Before you can begin planning for a new system, it’s crucial to understand the components, capabilities and limitations of your current system, both from a hardware and software perspective. Knowing what you’re working with will help you anticipate and troubleshoot compatibility issues that are common during technology upgrades.

If you’re moving to a new OS while maintaining existing hardware, it’s critical to understand how your existing hardware capabilities stack up against the hardware requirements of your new system. Insufficient hardware might mean your new systems run sub-optimally, if they run at all. However, if you know what you’re working with ahead of time, you can add needed memory or processing capabilities to ensure your organization maximizes the potential of the new system. Or, you can factor total upgrade costs into your initial budget.

Other important considerations include how the critical applications of your user base will be impacted by the upgrade, how your current drivers allow for compatibility between your new software and your existing hardware and devices, and how the upgrade affects the stored data of your users. By fully assessing and understanding the capabilities and limitations of your current system and what you want to accomplish with your new system, you are not only better positioned for a smooth upgrade, but also to address issues with confidence and knowledge when they do arise.

4. Plan for continued success

Often times IT departments consider the migration mission accomplished once the new technology is rolled out to all users and a single, mass training session is provided to bring the organization up-to-speed on the new system. But the true test of a successful upgrade is how well the new technology is utilized in the months and years after the initial transition. Research shows that adoption and usage spikes at rollout and immediately afterward. But, it tends to taper dramatically in the months following before ultimately plateauing well below the initial peak.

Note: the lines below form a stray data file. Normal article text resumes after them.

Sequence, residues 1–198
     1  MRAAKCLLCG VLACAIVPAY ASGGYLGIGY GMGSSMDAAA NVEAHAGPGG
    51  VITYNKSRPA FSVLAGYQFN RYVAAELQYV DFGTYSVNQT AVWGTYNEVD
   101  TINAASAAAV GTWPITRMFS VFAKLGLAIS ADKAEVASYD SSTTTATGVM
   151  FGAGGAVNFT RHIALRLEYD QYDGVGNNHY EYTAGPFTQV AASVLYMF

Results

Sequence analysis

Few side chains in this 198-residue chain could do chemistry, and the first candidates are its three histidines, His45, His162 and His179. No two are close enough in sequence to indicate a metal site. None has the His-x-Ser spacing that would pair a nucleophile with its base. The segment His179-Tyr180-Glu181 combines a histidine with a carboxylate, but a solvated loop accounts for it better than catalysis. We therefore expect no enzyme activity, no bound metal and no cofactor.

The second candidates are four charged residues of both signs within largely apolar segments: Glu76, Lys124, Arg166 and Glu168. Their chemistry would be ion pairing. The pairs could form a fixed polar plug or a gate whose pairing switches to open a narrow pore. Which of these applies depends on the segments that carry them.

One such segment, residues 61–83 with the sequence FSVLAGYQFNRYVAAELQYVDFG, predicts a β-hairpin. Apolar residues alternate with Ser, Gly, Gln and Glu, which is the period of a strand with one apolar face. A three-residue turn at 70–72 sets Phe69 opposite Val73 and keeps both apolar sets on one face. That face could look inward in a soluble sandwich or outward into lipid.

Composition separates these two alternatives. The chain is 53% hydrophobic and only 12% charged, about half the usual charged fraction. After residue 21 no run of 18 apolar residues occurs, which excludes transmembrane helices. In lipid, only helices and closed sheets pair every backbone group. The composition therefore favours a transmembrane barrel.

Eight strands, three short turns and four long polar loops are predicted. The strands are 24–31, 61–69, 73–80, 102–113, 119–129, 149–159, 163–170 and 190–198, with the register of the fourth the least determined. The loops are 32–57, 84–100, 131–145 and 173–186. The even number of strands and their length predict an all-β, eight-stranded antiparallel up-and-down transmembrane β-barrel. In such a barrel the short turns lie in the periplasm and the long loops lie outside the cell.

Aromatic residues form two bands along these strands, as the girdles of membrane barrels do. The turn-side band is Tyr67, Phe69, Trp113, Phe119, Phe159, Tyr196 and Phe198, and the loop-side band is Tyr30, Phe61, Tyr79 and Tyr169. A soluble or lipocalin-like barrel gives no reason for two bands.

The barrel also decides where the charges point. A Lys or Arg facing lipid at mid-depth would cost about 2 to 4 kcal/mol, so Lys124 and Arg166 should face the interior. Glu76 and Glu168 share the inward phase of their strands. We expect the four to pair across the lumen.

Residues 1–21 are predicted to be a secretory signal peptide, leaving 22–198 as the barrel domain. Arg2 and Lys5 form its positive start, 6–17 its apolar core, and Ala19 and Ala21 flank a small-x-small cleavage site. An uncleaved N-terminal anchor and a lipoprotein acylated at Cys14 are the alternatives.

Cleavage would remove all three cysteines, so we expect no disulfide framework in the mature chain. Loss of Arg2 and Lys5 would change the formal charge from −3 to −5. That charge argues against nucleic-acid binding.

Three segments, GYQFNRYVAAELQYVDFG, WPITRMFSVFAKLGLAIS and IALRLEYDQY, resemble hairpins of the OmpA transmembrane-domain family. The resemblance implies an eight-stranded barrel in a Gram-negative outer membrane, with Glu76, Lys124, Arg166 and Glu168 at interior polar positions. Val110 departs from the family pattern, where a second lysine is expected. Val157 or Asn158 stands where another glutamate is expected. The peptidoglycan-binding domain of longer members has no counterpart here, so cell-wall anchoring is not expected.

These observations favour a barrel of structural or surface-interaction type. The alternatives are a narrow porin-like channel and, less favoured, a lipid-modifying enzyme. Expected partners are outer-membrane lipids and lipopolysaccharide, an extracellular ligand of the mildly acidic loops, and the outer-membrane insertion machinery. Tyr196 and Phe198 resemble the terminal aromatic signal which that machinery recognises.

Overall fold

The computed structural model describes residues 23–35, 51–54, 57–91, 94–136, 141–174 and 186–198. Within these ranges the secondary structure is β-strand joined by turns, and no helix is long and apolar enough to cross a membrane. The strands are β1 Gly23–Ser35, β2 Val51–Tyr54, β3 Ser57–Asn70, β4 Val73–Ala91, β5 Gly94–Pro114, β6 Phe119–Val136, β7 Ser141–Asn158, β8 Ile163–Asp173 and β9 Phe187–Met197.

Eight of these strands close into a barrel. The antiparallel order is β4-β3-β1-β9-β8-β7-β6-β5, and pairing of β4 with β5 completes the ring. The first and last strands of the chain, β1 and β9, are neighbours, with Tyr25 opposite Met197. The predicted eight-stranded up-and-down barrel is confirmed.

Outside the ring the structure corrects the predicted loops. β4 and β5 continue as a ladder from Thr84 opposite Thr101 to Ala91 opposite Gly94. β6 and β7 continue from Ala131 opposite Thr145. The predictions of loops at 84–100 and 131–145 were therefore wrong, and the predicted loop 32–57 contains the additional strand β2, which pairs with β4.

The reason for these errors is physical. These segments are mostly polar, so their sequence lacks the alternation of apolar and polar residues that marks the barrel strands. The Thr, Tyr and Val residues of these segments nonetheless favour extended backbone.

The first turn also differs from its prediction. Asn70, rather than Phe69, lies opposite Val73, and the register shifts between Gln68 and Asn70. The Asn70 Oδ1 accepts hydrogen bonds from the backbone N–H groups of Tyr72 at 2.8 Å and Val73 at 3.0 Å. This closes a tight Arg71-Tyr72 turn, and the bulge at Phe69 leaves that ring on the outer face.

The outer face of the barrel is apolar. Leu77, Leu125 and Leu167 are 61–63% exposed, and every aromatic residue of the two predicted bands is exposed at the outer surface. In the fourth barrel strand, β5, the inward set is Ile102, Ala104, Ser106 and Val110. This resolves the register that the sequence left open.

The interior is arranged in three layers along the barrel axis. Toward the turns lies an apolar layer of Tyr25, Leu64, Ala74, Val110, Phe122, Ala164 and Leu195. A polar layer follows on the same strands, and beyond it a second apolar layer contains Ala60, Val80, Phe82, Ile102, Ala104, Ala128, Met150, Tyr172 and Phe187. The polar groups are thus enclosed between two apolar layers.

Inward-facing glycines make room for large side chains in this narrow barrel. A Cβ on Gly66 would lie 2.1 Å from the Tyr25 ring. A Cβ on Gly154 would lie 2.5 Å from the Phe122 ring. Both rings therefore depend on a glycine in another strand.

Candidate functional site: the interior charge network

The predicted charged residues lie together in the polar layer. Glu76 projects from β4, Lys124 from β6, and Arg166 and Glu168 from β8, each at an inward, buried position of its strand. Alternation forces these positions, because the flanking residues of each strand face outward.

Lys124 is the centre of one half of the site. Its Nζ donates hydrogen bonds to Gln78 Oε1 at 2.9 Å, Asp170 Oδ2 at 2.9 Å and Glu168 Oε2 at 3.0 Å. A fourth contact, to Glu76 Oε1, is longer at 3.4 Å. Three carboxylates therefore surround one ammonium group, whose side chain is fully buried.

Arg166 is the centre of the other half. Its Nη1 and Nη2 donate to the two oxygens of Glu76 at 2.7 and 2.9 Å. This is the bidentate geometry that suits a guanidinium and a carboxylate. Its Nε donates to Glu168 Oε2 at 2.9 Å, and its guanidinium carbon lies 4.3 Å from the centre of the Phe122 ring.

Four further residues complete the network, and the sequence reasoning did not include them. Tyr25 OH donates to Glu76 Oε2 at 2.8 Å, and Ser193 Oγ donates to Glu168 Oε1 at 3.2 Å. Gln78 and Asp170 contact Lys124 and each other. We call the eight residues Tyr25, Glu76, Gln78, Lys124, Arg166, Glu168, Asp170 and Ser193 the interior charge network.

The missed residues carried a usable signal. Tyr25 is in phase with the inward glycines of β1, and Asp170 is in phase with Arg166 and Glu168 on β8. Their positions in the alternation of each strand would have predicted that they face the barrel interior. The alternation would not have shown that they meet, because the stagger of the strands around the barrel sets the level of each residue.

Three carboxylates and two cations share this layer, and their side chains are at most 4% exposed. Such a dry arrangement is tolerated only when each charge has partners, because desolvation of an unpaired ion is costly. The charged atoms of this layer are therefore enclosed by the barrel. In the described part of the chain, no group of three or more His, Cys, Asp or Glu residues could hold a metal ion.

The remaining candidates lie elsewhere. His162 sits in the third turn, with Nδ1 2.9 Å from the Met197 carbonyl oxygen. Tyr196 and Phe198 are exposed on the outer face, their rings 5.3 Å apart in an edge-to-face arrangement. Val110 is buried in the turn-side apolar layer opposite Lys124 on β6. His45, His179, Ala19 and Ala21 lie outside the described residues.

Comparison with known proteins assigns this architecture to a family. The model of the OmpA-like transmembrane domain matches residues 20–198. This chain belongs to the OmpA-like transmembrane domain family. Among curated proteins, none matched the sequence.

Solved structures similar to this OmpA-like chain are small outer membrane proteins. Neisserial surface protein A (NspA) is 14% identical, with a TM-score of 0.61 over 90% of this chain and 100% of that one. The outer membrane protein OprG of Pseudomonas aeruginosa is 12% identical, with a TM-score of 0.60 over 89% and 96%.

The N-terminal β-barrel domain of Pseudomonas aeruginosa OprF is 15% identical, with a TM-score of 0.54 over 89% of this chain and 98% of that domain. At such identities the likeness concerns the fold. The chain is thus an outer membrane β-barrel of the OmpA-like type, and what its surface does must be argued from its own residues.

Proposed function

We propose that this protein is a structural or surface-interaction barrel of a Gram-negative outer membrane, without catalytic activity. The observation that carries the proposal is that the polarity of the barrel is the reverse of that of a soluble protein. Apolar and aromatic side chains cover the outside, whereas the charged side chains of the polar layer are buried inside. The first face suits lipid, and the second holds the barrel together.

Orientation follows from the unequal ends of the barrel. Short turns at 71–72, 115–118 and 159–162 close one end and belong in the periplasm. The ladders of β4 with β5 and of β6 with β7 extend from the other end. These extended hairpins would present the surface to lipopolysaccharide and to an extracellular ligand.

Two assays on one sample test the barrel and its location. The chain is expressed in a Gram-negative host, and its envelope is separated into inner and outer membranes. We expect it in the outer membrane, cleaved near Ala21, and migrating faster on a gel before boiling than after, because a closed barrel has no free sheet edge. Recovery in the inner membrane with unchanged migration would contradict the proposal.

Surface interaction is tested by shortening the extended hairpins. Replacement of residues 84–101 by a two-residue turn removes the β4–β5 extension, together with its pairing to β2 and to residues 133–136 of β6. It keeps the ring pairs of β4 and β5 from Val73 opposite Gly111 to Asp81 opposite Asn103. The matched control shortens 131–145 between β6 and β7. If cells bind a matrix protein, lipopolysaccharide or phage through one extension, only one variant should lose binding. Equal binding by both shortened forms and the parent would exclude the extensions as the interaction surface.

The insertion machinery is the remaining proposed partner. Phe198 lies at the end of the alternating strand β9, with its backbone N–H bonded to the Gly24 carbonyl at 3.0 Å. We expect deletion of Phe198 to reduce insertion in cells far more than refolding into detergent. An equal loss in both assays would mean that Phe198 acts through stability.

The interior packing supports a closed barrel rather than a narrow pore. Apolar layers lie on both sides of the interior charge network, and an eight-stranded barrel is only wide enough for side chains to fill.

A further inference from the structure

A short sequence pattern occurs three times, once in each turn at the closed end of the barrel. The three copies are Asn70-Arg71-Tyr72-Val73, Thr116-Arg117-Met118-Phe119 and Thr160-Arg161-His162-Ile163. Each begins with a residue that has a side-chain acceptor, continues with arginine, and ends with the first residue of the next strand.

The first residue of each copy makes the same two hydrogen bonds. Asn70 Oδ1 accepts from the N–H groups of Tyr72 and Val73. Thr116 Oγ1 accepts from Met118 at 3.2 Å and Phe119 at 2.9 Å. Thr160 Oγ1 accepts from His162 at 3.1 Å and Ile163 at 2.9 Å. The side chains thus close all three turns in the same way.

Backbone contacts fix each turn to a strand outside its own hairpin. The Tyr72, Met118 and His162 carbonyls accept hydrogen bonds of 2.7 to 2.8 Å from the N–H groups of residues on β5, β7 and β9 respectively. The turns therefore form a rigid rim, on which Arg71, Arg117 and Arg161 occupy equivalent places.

Organizations should plan for flexible, on-demand, ongoing training to provide continual education and support for users around the new technology. This is particularly crucial for government organizations, due to a broad and diverse workforce, all of whom learn differently. Varied approaches—live phone support, in-person coaching and self-help resources—will ensure that all users can access and understand the capabilities of the new software and its impact on their workflow. Ongoing support also guarantees that as employees gain new proficiencies or encounter new challenges, they’re able to gain the next level of understanding.

5. Anticipate the unexpected

Even with the most meticulous and rigorous planning, very few migrations go as smoothly as planned. Unexpected budget adjustments, software changes and timeline delays can threaten to derail your migration or even cause it to fail outright. Agencies should do their best not to let pauses in the project stall planning of other components, like training and adoption. In order to accommodate the unexpected hiccups that you are sure to encounter during the migration, build additional time, budget and support into the plan for resources—like back up support, ongoing monitoring, etc.—that will help to alleviate any added pressure.

Ultimately, government organizations are responsible for serving more than 300 million “customers” that make up the U.S. population—so the stakes are incredibly high. By taking into consideration these five critical elements prior to implementing a software migration, government agencies can ensure a smooth transition with minimal disruption to the organization, achieving not only tech success, but superior return on investment.